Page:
One of the great things about living in the shadow of the Superstition Mountains is the presence of hundreds of miles of hiking trails.
The Superstitions are considered some of the most arduous in North America. With summer temperatures hovering well over 110°F (43°C) and monsoon rains causing flash floods with little to no warning, many people die every year on the trails.
The Apache believe the Superstitions are holy, and that one needs to be purified before entering the wilderness.
One of the easier hikes is called the improperly named the Hieroglyphic Trail. Accessed off of King’s Ranch Road, the trail is not as strenuous as many. Not much shade, the 1.5 mile hike is a bit rocky and had a steady incline. Continue reading “Petroglyph Hike”
Sometimes art is just for art. Sometimes, it is not.
My paintings are generally not editorials, they are paintings of a moment in time, a moment in my time.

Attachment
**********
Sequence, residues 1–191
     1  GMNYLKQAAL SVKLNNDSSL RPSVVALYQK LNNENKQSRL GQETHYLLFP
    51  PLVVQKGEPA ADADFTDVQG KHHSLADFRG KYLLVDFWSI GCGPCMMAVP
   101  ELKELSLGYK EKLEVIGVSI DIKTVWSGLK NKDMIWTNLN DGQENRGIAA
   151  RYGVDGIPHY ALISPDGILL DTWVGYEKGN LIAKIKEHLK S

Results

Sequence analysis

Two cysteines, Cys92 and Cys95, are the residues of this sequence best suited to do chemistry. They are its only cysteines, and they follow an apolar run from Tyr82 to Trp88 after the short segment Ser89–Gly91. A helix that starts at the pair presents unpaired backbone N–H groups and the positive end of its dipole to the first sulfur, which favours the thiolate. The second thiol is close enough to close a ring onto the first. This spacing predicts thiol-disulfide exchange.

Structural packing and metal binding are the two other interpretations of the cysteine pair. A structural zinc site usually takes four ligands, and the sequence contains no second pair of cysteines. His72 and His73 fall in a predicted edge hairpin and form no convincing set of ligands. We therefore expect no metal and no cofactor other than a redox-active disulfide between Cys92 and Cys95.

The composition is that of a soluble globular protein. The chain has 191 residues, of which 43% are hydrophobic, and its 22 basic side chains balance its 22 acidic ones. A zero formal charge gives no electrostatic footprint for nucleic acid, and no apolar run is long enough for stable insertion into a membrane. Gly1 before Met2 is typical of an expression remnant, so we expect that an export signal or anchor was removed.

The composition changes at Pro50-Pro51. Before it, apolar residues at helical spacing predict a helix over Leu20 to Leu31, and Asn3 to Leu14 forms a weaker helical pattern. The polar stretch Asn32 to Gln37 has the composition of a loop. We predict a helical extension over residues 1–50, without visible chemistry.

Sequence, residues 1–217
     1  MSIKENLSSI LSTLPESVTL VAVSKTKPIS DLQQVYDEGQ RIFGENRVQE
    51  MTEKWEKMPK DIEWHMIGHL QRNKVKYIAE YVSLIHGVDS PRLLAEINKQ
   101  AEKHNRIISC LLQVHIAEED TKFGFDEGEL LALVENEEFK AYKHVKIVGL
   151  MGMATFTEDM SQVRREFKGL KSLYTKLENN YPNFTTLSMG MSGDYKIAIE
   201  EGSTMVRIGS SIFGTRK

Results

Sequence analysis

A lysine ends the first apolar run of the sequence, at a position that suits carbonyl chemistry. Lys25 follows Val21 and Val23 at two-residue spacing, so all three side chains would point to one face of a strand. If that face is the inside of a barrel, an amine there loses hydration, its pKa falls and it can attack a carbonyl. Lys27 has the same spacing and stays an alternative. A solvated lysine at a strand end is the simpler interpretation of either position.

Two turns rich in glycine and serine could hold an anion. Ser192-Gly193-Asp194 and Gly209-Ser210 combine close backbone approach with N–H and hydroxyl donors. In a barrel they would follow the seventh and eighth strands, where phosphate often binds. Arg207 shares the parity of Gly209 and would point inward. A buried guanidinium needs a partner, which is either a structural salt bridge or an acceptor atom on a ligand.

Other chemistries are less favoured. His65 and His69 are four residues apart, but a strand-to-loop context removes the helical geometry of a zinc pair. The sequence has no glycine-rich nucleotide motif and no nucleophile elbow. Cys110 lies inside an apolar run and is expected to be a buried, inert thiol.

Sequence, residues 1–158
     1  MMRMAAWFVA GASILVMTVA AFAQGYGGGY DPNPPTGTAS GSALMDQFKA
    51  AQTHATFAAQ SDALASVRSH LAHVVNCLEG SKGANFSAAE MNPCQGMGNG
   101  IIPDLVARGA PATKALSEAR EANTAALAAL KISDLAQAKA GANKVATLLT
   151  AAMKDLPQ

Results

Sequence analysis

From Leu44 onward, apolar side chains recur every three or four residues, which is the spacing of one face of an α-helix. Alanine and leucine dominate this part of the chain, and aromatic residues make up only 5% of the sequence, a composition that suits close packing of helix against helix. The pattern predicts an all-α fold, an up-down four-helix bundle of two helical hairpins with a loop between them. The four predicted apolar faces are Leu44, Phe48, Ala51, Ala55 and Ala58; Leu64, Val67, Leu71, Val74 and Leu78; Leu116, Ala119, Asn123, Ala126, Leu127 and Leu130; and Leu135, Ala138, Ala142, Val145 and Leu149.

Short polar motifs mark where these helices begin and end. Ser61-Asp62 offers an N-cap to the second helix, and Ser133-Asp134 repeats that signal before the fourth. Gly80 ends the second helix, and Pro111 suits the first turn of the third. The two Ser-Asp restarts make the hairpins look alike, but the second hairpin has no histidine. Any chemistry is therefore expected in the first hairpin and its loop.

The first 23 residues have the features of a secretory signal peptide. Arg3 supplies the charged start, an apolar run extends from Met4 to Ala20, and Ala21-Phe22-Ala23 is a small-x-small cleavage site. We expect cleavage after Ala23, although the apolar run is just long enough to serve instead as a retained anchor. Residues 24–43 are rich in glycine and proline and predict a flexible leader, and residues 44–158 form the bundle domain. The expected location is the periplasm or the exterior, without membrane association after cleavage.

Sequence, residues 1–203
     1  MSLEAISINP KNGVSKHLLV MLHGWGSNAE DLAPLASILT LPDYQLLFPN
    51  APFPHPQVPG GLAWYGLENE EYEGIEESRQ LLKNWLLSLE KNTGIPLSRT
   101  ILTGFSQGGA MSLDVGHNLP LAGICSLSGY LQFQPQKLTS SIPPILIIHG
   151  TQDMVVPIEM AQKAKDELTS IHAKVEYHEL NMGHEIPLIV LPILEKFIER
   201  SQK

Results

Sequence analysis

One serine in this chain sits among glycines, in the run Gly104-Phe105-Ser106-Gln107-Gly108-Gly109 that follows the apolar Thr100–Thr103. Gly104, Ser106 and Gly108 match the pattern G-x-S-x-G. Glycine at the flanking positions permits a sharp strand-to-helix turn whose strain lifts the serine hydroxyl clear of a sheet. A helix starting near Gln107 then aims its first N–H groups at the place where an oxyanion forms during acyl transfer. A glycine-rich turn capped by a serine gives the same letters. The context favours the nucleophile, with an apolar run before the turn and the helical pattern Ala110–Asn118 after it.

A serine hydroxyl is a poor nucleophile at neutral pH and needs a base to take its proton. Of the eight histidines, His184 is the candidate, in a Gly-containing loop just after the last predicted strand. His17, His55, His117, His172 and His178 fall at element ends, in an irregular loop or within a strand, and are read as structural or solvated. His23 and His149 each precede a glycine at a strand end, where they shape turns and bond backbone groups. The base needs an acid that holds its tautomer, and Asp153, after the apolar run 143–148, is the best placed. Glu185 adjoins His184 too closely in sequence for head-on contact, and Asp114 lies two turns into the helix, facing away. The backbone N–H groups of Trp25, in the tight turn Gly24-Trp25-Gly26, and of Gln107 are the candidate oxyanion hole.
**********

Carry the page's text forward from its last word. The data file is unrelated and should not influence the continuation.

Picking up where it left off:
My Desert Detritus Clocks, I suppose, are a statement in environmentalism, of respect (or evidence of disrespect) for one’s environment.
My found objects generally have a political or religious overtone.
Most of the pieces present ideas that are apparent for those that are tuned into current events. The religious pieces are more obscure. And some pieces have no meaning except to a few select people.
This piece served a purpose at one time, mostly to piss off political assholes in a town I used to live in. Some newspaper articles concerning closed-minded assholes that sought to prevent anything positive from happening in our town, and a fake light bulb along with a title guaranteed to inflame their sensitive natures…
Absinthe was the drink of choice of Toulouse Lautrec and Vincent Van Gogh, among other well known alcoholics.
Only recently made legal once again in the United States, it was also the drink of choice at the Old Absinthe House in New Orleans prior to prohibition.
When I spent a week in New Orleans after Hurricane Katrina, I spent my afternoons at the Absinthe House on Rue Bourbon. The day time bartender was Wendy. She came to NOLA from Chicago.
It is rumored that Andrew Jackson met with the pirate Jean Lafitte at the Old Absinthe House to help end the war of 1812. The original copper topped bar survived Prohibition, having been stowed in the basement during the purge caused by hateful alcohol abolitionists.